In stage 2 you get to build the gun slide, and itís here that a major problem occurs. In nearly every gun Iíve ever built, the slide comes in two halves. This always leaves a large, very visible seam running down the middle which is very difficult to hide since it canít be easily sanded. The solution I usually resort to is to place a strip of thin foil along the bottom, which hides it rather nicely. This kit presents a problem however, since there are reinforcing ribs present along the inside, which would make covering with foil difficult. After giving it some thought, and looking up some references, I decided that they would have to be replaced as they were not quite the correct shape anyway. While I was at it I would also place a thin wire through the brackets along the left-hand side as per references show, although I have no idea what this wire represents.

I very carefully removed the brackets using a fine chisel blade. Then, in one half I placed a strip of foil, making sure it wasnít too wide to prevent the two halves of the slide from joining. Then I had to make the brackets. I cut strips of styrene after measuring, and punched holes along itís length to match the radius of the brackets. The strip could then be cut to match the shape of the brackets. Each bracket was carefully drilled near its left-hand corner using a 0.3mm bit, so the wire could be inserted later. When finished and primed, no trace of the seam was visible.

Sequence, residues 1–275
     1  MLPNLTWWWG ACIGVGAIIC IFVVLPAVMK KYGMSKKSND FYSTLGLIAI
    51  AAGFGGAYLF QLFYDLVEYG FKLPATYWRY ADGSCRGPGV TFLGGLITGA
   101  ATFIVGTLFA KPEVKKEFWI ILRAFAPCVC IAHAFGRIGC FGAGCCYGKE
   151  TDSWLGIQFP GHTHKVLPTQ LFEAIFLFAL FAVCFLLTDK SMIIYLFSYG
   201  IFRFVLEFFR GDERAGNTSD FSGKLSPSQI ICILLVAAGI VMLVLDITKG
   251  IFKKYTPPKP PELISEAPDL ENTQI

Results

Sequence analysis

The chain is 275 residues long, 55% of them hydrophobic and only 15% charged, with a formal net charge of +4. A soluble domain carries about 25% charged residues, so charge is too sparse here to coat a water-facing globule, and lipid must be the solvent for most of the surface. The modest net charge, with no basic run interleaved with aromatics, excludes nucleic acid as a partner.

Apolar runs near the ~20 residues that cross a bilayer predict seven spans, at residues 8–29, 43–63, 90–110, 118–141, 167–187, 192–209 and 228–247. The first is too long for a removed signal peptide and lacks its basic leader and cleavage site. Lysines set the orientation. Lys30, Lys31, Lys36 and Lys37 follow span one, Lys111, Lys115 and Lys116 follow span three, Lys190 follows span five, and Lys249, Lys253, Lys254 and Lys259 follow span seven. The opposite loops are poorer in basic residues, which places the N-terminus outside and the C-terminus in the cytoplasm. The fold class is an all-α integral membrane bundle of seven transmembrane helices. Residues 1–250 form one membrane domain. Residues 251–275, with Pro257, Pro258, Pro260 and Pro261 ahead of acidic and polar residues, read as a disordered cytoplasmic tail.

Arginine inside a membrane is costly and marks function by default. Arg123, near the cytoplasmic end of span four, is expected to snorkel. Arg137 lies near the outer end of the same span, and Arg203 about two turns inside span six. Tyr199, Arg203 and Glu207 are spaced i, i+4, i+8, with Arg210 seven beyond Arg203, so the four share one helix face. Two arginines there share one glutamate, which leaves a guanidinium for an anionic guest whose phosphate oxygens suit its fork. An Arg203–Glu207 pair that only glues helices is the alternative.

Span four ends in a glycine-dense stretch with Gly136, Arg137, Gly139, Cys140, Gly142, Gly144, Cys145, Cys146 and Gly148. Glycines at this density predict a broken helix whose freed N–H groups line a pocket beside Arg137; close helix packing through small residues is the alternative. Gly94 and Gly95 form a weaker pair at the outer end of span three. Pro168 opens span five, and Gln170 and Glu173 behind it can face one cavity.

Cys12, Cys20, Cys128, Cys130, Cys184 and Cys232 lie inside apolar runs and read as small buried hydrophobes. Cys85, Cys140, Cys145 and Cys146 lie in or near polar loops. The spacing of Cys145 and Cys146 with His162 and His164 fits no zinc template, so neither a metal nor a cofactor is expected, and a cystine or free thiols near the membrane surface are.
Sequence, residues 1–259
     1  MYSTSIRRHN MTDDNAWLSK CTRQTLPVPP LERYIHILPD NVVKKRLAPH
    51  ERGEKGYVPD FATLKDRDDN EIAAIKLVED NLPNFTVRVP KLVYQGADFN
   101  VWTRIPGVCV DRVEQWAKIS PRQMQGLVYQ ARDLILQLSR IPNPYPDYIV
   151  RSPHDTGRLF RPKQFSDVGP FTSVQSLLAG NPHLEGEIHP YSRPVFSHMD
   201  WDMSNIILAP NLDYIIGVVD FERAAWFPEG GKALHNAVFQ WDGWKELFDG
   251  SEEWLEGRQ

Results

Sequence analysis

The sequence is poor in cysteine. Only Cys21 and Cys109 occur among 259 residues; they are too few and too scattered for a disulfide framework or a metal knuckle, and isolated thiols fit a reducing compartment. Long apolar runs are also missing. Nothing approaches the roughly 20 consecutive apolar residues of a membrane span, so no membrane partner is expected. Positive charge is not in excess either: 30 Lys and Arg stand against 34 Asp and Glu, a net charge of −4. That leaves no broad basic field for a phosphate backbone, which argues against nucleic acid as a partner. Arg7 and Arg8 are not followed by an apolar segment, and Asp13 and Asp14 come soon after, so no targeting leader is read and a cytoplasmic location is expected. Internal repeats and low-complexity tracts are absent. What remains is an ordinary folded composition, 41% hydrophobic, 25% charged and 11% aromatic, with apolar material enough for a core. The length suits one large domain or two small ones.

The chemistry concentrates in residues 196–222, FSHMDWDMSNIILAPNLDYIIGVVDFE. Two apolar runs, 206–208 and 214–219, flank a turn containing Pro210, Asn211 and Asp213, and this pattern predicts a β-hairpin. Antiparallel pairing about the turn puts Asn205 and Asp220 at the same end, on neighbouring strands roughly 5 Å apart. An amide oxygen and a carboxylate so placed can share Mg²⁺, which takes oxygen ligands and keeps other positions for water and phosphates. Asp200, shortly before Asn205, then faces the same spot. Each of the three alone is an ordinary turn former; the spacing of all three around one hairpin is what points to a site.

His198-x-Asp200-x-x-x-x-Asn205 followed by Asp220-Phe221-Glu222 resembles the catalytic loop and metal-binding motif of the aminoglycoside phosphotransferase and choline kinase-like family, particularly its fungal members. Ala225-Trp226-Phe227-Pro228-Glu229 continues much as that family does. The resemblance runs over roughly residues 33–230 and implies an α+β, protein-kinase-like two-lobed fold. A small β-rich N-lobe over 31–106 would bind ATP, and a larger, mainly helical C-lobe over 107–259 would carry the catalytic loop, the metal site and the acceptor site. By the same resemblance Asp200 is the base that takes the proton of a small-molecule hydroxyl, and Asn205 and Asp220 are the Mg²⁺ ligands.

In stage 5, I decided to add some details to the Primer, consisting of catches on the covering lids, retaining chains, and some corner rivets. The chains were Aber photo-etched ones left over from a previous build, the catches were old Eduard items, which were not strictly accurate, but close, and since I have 3 reference pictures showing 3 different types of catches I decided to use some license! The corner rivets are actually beads from an old water filter (thanks Derek!). It is during this stage that you get to use the fantastic inclination dials that Dragon have manufactured for this kit. These dials come actually pre-sealed within clear plastic housings! All you have to do is mask them for painting. I think youíll agree from the pictures they look great...Dragons work, not mine!